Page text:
It’s been quiet on the blog front in recent weeks. Preoccupied with the summer holidays and a whole bunch of other highly pleasurable activities, I just haven’t had time or inclination to settle down to serious writing – or even to frivolous and facetious jotting. If I sound intolerably smug to any reader who has … More A Tale of Two Jugs
I’ve been thinking about figurative versus abstract art. Art that tells stories versus art that uses only colour or pattern or shape or material. Very possibly I could do some research to find out what the art theory experts have to say about this difficult topic. Probably a lot, very little of which I would … More Pottery and poetry
I’ve always been highly suspicious of anyone who is described, or describes him- or herself, as a connoisseur. It’s a term you frequently hear bandied around in art and antiques circles. But what does it mean? According to the artist and critic Jonathan Richardson in his book Two Discourses, published in 1719, connoisseurship has three … More Expert Connoisseur
Readers of the Random Treasure blog will know that I spend much – ok, too much – of my time wandering around charity shops in search of – well, in search of random treasure. More often or not, it’s a fruitless pursuit, and I return empty-handed and frustrated from my local rounds, or sometimes from … More A good week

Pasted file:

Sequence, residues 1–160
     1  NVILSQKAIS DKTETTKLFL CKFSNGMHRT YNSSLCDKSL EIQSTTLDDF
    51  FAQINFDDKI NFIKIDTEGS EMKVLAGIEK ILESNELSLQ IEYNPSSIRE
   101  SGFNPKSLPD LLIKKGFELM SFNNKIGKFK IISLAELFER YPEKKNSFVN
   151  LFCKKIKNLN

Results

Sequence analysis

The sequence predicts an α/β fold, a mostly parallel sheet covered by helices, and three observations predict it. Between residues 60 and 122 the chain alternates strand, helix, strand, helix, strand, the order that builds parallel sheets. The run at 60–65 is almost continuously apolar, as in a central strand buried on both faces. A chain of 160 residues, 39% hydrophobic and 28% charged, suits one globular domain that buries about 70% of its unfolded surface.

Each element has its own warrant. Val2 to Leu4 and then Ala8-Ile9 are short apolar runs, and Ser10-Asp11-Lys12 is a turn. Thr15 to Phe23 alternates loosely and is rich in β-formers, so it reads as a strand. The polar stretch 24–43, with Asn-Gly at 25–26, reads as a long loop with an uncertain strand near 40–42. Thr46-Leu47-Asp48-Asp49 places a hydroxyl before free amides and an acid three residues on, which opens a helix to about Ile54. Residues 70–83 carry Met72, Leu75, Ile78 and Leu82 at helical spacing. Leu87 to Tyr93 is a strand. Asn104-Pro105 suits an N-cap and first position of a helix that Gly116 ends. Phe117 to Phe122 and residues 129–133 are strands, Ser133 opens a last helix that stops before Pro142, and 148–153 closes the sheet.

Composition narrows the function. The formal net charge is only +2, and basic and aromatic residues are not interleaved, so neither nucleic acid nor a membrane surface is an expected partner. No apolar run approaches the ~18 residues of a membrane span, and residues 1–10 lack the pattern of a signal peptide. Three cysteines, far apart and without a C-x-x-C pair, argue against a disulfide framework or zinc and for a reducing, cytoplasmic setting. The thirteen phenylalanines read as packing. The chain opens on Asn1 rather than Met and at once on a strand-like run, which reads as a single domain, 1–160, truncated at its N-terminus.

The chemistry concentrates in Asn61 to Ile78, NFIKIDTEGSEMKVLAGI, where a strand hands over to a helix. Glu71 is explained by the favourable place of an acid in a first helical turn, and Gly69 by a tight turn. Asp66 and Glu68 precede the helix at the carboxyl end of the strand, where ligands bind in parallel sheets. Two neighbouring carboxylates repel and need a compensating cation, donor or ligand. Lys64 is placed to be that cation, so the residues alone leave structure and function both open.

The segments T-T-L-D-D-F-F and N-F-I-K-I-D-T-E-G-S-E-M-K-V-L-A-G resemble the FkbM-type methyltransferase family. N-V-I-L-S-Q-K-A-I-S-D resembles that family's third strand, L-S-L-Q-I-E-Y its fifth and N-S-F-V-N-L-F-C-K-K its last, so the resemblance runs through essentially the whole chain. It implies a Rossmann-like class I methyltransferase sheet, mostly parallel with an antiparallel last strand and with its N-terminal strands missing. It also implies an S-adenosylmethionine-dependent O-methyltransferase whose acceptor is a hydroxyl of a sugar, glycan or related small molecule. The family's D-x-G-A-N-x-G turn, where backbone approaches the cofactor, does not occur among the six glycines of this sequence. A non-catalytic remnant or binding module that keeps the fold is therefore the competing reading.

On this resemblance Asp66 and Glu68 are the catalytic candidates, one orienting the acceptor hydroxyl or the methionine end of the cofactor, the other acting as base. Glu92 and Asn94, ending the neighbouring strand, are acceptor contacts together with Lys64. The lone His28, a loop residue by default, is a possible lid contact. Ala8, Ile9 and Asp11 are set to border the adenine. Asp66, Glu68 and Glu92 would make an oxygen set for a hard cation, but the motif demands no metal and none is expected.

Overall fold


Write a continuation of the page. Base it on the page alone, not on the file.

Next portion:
Earlier on this blog I posted a piece entitled “Staples” about a Chinese porcelain bowl bought in 2012 at an auction in Aboyne, a small town in Aberdeenshire some 30 miles west of Aberdeen. This new posting is about another purchase from the same auction. I paid £5.00 for it. What a great day that … More Scotland’s First Khedival Khayamiya
The Random Treasure Blog is making a second guest appearance on the Talking Antiques blog with a new piece entitled The Joy of Jugs. You can read it here. The piece is about jugs. I bet you could tell that from the title.
There was a period of a couple of years after I retired from full-time work and before I started writing my book Random Treasure when I became a semi-serious antique dealer. Which is to say that I trawled the house for possessions that I could live without, and started selling them off fairly systematically. And … More Selling Flags
One day in the summer of 1969 my late brother Philip drove home in his latest second-hand car. It was a dark blue 1964 Triumph Herald 1200 convertible like the one in the picture on the left below. I was envious. He had a regular job but I was an impoverished student. My truly dreadful … More Pua Kumbu
I never buy nineteenth century engravings. Don’t even like them much. Especially those dark, dreary, ponderous reproductions of high Victorian narrative/historical/romantic paintings. My tastes in wall art are more modern, more colourful, more abstract. You see these things all the time in low-end auctions. No-one collects them. More often than not they are left unsold, … More Outmoded but not quite forgotten
Sometimes you come by an object which is so inexplicable and so far outside your experience that you wonder if it has travelled through time and fetched up at your local saleroom by supernatural means. Here’s one such, which I bought a couple of years ago because I can’t stop myself buying unidentified woodcarvings. I’ll … More What the devil is it?